I did the same thing with this record. First, a cleaning cycle without surfactant. Result was a subtle improvement. Noise and pops were still there, but somewhat reduced, which no doubt intrigued me. The second cleaning cycle was with the surfactant. The result this time was astonishing. There was barely any noise, if at all and the pops were gone! This is the kind of result one dreams about and enough to prove that correct ultrasonic record cleaning works.
I decided for kicks, to select one of my records I previously cleaned with my VPI and usual fluids resulting in what I know to be as close to perfectly quiet as we are going to get and run it through the machine. (America – “Holiday”). I’m not sure there was a difference, but that is a good thing because it says that this is as good as the record gets, in other words, already squeaky clean (but without actual squeaks of course).
So what did we establish here? We established that ultrasonic record cleaning, done correctly, works and it is the final step if you want your records really clean or especially if you have stubborn ones that you still have lots of noise on after through cleaning with other methods.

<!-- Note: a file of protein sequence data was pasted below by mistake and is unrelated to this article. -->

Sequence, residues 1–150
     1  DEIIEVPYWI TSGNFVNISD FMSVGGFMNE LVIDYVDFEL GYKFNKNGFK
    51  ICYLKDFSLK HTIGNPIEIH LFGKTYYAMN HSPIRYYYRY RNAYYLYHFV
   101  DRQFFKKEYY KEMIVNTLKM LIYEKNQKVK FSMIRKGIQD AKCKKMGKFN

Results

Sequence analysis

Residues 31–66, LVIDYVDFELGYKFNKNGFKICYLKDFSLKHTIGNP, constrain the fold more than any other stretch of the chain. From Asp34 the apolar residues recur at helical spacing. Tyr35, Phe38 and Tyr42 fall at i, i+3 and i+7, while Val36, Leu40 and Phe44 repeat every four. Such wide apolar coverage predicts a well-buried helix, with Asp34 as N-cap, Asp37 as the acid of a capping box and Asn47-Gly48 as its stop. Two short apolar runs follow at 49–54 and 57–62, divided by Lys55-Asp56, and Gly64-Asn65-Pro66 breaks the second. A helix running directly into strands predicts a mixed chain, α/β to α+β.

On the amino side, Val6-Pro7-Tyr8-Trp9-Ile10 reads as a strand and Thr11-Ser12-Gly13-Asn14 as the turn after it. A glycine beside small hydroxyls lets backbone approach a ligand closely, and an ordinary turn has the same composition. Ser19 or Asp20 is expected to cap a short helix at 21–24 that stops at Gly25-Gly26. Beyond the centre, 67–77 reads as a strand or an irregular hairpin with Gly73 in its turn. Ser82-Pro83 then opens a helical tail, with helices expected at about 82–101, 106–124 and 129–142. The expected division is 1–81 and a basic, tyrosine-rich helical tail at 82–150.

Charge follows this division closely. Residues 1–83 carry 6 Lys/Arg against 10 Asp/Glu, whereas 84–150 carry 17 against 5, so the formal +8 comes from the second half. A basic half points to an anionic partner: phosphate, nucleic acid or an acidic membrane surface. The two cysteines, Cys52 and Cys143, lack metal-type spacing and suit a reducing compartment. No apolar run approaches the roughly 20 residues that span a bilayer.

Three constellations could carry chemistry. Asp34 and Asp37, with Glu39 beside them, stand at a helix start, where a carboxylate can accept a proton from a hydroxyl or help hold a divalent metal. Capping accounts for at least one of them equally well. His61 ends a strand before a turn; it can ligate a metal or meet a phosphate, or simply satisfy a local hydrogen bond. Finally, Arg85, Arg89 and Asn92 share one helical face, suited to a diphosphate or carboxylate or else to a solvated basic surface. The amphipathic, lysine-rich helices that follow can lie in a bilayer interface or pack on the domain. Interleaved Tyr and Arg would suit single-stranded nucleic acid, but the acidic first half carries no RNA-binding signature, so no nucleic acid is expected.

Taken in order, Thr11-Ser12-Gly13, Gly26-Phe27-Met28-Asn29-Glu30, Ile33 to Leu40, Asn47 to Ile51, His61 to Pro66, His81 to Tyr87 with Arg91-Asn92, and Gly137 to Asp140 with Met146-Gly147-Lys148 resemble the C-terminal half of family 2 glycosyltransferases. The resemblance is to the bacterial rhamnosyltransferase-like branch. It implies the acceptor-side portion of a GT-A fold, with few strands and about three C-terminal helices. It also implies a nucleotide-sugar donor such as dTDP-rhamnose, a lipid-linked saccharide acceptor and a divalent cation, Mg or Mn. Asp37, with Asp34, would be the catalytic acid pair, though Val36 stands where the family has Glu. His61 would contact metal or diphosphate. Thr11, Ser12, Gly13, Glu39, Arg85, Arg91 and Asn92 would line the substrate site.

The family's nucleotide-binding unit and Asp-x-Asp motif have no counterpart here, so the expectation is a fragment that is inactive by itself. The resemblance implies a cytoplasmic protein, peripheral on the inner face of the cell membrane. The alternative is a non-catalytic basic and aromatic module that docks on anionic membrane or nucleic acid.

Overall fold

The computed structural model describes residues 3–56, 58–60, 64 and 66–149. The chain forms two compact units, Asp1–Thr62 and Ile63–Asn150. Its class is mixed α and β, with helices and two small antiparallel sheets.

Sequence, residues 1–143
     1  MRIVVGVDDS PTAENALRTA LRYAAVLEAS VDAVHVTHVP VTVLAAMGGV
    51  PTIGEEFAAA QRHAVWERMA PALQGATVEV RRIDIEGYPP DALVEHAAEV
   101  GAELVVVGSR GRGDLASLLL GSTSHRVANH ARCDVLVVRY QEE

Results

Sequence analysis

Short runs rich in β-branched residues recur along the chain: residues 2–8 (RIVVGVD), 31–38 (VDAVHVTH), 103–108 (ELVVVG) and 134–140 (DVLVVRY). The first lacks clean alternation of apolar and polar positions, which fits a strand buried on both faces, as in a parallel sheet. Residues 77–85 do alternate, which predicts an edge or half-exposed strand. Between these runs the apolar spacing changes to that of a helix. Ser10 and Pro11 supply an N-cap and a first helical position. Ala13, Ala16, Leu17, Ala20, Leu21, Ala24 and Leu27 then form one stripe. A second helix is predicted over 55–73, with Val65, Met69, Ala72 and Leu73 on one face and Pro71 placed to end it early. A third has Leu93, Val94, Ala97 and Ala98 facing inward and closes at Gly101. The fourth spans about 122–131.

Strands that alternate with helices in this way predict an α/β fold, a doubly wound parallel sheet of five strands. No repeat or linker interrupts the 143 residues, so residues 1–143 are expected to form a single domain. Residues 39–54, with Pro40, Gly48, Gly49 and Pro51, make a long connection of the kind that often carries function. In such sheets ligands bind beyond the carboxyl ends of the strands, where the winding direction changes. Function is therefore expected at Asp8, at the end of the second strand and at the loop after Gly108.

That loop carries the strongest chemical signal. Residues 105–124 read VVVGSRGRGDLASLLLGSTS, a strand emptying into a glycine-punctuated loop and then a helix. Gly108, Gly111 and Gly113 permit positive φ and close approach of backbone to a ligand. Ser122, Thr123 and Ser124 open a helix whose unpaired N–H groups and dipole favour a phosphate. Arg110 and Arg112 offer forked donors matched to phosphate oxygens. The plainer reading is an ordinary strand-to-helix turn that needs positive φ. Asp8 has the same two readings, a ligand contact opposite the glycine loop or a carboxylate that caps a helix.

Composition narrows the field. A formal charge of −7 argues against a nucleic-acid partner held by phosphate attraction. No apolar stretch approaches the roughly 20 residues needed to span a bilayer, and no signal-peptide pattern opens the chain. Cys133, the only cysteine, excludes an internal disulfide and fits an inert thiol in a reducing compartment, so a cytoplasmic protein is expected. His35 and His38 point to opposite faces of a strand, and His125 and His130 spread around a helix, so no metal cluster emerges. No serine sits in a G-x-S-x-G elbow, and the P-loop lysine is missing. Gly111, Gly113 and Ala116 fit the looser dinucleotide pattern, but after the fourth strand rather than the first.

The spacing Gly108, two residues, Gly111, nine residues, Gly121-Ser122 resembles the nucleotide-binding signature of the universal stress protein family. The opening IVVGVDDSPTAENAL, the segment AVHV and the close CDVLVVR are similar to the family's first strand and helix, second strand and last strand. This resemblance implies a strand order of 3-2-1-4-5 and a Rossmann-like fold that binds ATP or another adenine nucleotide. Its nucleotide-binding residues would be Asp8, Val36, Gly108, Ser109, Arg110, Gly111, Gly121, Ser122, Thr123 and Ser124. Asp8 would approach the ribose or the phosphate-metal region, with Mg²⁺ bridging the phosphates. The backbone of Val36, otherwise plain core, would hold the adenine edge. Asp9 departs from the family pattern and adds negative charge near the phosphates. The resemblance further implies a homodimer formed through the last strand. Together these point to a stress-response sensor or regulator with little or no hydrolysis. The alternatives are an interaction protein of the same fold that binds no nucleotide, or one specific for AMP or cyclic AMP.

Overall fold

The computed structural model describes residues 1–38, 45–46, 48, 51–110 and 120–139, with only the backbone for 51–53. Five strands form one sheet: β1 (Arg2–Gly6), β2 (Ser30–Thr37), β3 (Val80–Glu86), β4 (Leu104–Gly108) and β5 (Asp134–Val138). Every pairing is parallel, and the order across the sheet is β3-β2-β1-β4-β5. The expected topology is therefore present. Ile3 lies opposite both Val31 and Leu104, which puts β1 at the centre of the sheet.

I’m now fortunate enough to have both my VPI and the Kirmuss ultra sonic system. I am keeping both because I like the idea of having yet another apparatus in my arsenal for record care and maintenance. Besides, I feel it would be silly to get rid my VPI because I still like bio-enzyme based record cleaning fluids for certain jobs and you can’t use them in ultrasonic machines. In fact, you should never use anything in an ultrasonic RCM, but distilled water or equivalent. I also like to vacuum dry my records. I have found though in using the Kirmuss Audio machine that a microfiber lint free cloth does a good job when using such a machine, you just need to make sure there is no moisture in the grooves and that usually is only a matter of a few seconds more wait before putting the record away or playing it. However cloth drying a record cleaned on a vacuum machine is not only silly, but completely wrong and ineffective.
Summary: Ultrasonic record cleaning works and is the most effective way of deep cleaning your records. In fact, judging by the results I already got, I have to say it is as good as it gets for cleaning records. However, more importantly is using the right machine to do it! Here is the best part in my opinion: The Kirmuss Audio KA-RC-1 (aka “In the groove”) ultrasonic record cleaning machine is the first one to market right now that is solely built with the mission to safely and effectively handle and clean your records instead of built to make money as its end game. In other words, the Kirmuss Audio machine puts record care and people over profits or a fast buck instead of a fast buck over record care and people.
The owner Charles Kirmuss says “Why should we add an extra $2000 to the price, that is not fair. Everyone deserves an $800 washer to have clean records which increase their listening pleasure.” (I could not agree more).